The history of Rajasthan dates back around 5000 years. The Bhil and the Mina tribes are said to be its original inhabitants and the first Aryan settlement was established here.
The recorded ancient history of Rajasthan dates back to 1200 AD. It was ruled over by the various dynasties including Mauryan Empire (321-184 BC) followed by the first Rajput dynasty during 700 AD. Rajput clans consolidated their rule (eighth – twelfth century AD) with 21 dynasties. So the region got named as Rajputana (the land of the Rajputs). Later period (1000-1200 AD) is marked by wars for supremacy among the Parmar, Chalukyas, and Chauhan rulers.
In this medieval era (1200 AD), this region formed a part of Mughal Empire. Modern era starts with the British rule from 1817 to 15th August, 1945 when India became independent.
Rajasthan which is also known as the “Land of Maharajas” is the largest state of India, covering an area of about 342,239 sq. km. It comprises of 33 districts and its largest city is Jaipur, which is also its capital. Being located on the western side of the country, it shares its border with Pakistan to its northwest and to the west it shares its border with Sindh. To its north it has Punjab, Uttar Pradesh and Haryana to its northeast; to its southeast it has Madhya Pradesh and Gujarat to its southwest.
The glory of the state is retained by its majestic palaces, forts and monuments. The vibrant culture and rich heritage of this princely state draw innumerable tourists from across the globe.
Its major attractions include the ruins of Indus Valley Civilization, the oldest mountain range- Aravalli, a Jain pilgrimage site known as Dilwara Temples, Karni Mata Mandir, the only hill station of Rajasthan- Mount Abu, Keoladeo National Park (formerly known as Bharatpur National Park, the Ranthambore National Park and the Sariska Tiger Reserve.
Some of its major architectural wonders include Chittorgarh fort – the largest fort in Asia, Mehrangarh Fort at Jodhpur, Jaipur “The Pink City” houses a number of well known tourists spots which include Hawa Mahal (Palace of Winds), Lake Palace, City Palace, Amber Palace, Jantar Mantar, Umaid Bhawan in Jodhpur, Jaisalmer Fort in Jaisalmer and many more.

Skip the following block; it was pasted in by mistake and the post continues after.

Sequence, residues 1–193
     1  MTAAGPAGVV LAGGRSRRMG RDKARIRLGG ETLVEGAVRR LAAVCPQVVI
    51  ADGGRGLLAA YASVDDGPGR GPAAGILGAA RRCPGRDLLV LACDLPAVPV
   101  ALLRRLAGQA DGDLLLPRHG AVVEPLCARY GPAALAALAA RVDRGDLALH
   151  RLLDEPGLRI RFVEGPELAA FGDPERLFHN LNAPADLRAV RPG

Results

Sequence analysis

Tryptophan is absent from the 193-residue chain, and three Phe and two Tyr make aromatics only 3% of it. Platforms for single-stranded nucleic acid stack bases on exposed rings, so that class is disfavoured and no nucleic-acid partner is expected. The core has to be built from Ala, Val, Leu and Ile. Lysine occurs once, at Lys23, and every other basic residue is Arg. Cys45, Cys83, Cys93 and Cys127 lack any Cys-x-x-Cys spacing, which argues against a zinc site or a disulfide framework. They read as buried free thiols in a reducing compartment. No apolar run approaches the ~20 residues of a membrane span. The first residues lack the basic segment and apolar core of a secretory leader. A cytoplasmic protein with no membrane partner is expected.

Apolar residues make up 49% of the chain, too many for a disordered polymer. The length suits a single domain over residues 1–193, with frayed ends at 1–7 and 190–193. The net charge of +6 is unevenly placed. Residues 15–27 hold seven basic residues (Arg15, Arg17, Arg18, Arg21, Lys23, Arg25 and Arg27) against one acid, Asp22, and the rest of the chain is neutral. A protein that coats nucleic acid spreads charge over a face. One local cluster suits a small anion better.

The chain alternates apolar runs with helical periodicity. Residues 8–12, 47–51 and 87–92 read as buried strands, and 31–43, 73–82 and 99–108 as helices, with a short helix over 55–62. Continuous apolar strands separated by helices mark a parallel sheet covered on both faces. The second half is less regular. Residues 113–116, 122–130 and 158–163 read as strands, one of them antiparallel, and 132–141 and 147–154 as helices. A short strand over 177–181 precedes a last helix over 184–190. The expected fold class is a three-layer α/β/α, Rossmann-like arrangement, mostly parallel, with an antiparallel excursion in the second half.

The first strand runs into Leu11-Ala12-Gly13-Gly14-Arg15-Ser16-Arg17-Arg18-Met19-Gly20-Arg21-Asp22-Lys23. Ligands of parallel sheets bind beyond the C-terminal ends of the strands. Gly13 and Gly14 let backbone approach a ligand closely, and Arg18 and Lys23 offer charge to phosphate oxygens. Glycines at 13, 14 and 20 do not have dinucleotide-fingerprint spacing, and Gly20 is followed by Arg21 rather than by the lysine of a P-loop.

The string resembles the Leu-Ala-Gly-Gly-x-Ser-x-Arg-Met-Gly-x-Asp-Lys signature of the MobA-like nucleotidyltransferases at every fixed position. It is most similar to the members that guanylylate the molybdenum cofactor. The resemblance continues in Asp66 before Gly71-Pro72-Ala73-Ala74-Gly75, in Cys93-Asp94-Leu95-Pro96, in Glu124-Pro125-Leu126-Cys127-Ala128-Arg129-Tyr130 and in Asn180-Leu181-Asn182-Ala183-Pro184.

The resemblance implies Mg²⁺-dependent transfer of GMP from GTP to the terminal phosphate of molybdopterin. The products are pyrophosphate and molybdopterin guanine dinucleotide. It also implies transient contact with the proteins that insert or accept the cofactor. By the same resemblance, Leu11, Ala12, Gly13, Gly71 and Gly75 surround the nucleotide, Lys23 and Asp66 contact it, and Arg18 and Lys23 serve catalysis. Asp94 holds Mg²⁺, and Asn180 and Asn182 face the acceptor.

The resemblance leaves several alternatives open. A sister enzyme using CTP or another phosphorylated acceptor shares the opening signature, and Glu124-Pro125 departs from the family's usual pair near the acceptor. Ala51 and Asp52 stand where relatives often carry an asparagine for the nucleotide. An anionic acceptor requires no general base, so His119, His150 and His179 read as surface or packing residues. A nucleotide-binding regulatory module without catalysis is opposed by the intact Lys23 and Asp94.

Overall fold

1.1 Stone Age
1.2 Bronze Age
1.3 Vedic Period
1.4 Classical Period
1.4.1 Ancient Kingdoms of Rajasthan
1.4.2 Under Gupta Empire
1.5 Rajput Period
2. Indus Valley Civilisation (3300–1500 BCE)
2.1 Kalibangan Civilization
3. Matsya kingdom (1500-500 BCE)
3.2 Kurukshetra War
4. Ancient Kingdoms of Rajasthan (500 BCE–300 CE)
4.1 Northern Rajasthan Area
4.2 Eastern Rajasthan Area
4.3 Central Rajasthan Area
4.4 Western Rajasthan Area
4.5 Southern Rajasthan Area
5. Parihara dynasty (550–1036 CE)
5.1 Mandor Branch (550–880)
5.2 Bhinmala (Kannuj) Branch (725–1036)
5.3 Baddoch Branch (600–700)
5.4 Rajogarh Branch
5.5 Pratihara Art
5.5.1 Mahavira Jain temple, Osian
5.5.2 Bateshwar Hindu temples complex
5.5.3 Baroli temples complex
6. Chahamanas or Chauhan dynasty (500-1315 CE)
6.1 Chahamanas of Shakambhari (500-1194)
6.1.3 Cultural Achievements
6.1.4 List of rulers
6.2 Chahamanas of Naddula (950-1197)
6.2.1 List of rulers
6.3 Chahamanas of Jalore (1160-1311)
6.3.1 List of Rulers
6.4 Chahamanas of Ranastambhapura (1192-1301)
7. Mewar dynasty (550–1950)
7.2 List of Rulers
7.3 Guhil dynasty (550–1303)
7.4 Branching of Guhil Dynasty
7.4.1 Post-split Rawal branch
7.5 Rana branch (1162–1326)
7.6 Sisodia Dynasty (1326-1950)
8. Early Modern period (1526-1858 CE)
8.1 Mughal Conquests
8.2 Maratha Empire
9. British colonial period (1858-1947 CE)
10. Post-independence (1947 CE – present)
The history of human settlement in the West Indian state of Rajasthan dates back to about 5,000 years ago. This region was inhabited during great floods after the ice age as well. This area was known as Matsya kingdom. It was the site of the Indus Valley Civilization. The early medieval period saw the rise of many Rajput kingdoms like Pratihar, Chauhan of Ajmer, Guhilot and Sisodia of Mewar, Shekhawat of Shekhawati Sikar, Rathore of Marwar.
The Pratihar Empire acted as a barrier for Arab invaders from the 8th to the 11th century. It was the power of the Parihara army that effectively barred the progress of the Arabs beyond the confines of Sindh, their only conquest for nearly 300 years.
After Matsya kingdom this area was known as Rajputana around the time when the Kachwaha migrated to the region. The Kachwaha continued to assist their Rajput allies in many fatal battles including First Battle of Tarain and later in the disastrous Second Battle of Tarain. The last time where Kachwaha fought for Rajputs was under Rana Sanga of Chittor in the Battle of Khanwa.
Sisodia of Chittor, who continue to resist Mughals against heavy odds and gave rise to Maharana Pratap who became a symbol of Rajput valour along with Rana Sanga and Prithviraj Chauhan. After Indian Independence in 1947, the various princely states of Rajasthan were integrated. The British made several treaties with rulers of Rajasthan and also made allies out of local rulers, who were allowed to rule their princely states. This period was marked by famines and economic exploitation.